There is often a disconnect between what people want, and what people can attain. You may want to be a rock star, but the best you may actually be able to do is play ACDC covers at a local bar on a Saturday night. You may want to drive an Aston Martin, but have to settle for sticking a massive spoiler and a coffee-can muffler on your Honda Civic. Similarly, asBusiness Insider reports, Millennials may want to live in big cities for the big companies, good paying jobs, and lively social life, but they quickly realize that while the cost of living like that may be desirable, it isn’t sustainable.
Millennials, along with low-income workers and people in rural-based industries, are the group most likely to get pushed out of big, expensive cities. Mark Uh, a data scientist for Trulia, used data from the 2014 five-year U.S. Census Bureau American Community Survey to analyze migration patterns away from the biggest cities. According to Uh, Millennials accounted for 51.1 percent of out-migration, the largest share, and also had the highest move away rate compared to the expectation at 105.6 percent.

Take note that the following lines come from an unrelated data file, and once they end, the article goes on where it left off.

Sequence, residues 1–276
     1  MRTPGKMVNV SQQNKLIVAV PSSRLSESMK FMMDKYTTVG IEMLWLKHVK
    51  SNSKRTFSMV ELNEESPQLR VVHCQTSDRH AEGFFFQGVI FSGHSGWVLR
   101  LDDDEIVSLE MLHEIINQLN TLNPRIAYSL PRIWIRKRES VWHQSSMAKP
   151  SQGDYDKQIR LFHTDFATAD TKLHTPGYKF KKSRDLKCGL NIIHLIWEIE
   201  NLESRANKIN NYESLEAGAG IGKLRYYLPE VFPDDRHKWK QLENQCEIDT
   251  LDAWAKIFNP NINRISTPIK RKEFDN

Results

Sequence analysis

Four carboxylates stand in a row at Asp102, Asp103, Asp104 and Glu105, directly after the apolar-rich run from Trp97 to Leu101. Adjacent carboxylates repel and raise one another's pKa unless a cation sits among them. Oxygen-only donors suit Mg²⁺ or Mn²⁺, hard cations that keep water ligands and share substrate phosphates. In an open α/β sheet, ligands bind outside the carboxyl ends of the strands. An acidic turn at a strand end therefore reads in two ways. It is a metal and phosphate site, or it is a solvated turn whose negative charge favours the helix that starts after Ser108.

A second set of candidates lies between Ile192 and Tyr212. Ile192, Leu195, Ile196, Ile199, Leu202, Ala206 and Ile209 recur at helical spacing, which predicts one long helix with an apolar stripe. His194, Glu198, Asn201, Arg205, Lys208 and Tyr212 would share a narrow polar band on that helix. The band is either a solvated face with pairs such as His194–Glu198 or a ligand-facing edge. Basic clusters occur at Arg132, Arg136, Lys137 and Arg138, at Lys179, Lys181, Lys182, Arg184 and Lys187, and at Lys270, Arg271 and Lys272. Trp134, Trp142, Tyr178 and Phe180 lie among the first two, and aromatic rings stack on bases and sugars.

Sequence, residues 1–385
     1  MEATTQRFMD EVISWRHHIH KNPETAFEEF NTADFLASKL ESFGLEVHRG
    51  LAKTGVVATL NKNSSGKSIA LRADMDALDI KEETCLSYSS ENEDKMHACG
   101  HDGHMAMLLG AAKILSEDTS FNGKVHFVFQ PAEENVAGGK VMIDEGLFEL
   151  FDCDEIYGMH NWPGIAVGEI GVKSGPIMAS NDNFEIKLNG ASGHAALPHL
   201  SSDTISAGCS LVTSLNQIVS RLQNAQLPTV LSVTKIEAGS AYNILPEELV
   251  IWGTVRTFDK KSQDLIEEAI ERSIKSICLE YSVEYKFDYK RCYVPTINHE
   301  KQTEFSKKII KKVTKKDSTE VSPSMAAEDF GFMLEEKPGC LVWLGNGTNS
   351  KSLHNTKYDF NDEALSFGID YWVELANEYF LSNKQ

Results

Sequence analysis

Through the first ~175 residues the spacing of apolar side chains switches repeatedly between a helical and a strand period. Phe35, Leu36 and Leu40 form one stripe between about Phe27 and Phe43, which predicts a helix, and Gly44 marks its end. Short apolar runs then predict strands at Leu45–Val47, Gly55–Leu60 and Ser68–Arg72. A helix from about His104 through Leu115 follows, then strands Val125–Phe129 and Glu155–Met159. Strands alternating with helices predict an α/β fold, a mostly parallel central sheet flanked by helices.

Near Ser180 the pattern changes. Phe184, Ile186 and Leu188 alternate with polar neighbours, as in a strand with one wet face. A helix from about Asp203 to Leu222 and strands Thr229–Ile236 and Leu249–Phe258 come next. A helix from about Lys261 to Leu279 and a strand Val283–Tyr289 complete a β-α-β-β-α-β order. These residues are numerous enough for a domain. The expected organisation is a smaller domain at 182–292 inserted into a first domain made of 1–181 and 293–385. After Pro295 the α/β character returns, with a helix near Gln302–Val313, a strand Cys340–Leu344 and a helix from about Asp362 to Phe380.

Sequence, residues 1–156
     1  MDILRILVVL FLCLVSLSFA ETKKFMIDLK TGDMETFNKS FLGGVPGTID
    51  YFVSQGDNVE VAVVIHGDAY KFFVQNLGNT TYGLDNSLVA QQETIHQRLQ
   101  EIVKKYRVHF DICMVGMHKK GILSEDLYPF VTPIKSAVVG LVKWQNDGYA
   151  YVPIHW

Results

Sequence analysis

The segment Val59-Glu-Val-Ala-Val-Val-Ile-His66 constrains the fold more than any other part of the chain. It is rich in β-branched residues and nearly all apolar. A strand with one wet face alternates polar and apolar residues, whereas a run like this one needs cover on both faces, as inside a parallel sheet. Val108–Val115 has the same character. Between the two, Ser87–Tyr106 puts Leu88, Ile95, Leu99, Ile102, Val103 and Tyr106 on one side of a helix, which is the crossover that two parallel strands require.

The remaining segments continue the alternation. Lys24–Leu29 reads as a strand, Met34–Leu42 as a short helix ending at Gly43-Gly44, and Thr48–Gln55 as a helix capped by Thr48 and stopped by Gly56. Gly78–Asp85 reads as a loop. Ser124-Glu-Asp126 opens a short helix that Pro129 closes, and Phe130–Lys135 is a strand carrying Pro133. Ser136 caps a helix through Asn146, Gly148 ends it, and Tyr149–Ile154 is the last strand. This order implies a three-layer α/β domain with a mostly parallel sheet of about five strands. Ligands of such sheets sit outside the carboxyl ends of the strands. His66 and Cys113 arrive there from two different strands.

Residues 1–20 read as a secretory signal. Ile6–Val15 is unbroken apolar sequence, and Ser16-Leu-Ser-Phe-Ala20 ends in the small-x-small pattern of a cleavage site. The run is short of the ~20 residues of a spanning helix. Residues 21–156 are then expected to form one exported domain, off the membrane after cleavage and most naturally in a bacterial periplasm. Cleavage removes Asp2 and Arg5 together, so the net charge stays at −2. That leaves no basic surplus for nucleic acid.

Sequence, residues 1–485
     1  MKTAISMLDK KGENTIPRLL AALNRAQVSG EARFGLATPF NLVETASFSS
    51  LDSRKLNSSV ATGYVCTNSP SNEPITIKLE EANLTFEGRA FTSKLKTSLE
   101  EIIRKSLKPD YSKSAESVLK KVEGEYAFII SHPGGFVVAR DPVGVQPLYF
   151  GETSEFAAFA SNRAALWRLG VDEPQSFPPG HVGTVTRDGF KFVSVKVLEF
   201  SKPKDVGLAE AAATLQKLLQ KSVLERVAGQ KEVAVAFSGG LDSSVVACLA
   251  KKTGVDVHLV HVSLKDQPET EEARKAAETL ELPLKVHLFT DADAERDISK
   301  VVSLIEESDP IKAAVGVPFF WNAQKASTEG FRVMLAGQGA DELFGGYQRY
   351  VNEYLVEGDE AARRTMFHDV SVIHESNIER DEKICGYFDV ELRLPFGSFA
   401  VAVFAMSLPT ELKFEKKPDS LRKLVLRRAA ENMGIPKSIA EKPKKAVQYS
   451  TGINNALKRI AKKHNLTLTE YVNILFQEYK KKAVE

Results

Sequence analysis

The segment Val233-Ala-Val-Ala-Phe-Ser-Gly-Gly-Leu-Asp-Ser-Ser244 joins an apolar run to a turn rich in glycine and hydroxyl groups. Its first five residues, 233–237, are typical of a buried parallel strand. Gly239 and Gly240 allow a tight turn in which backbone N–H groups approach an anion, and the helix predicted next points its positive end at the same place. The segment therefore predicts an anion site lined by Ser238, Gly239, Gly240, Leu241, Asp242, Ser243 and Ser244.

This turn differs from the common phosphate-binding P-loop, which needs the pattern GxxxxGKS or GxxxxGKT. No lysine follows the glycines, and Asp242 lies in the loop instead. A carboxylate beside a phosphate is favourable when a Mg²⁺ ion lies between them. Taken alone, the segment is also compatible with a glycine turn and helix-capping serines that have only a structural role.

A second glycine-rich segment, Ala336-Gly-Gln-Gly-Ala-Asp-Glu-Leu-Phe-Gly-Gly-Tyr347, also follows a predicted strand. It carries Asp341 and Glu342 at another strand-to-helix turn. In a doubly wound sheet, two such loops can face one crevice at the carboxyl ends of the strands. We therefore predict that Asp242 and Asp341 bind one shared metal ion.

Silver Spring, Md. had the largest move-away rate relative to expectation for Millennials at 144.2 percent. This means the share of households in the city that are Millennials was 20.1 percent but the share of households leaving the city was much higher, at 49.2 percent. Orange County, Calif., Oakland, Calif., New York, N.Y., and Chicago, Ill., round out the top five with move away rates relative to expectation of 122.7 percent, 111.5 percent, 106.4 percent, and 104.8 percent respectively.
For the full list of the 10 big American cities Millennials are leaving most, follow the link below.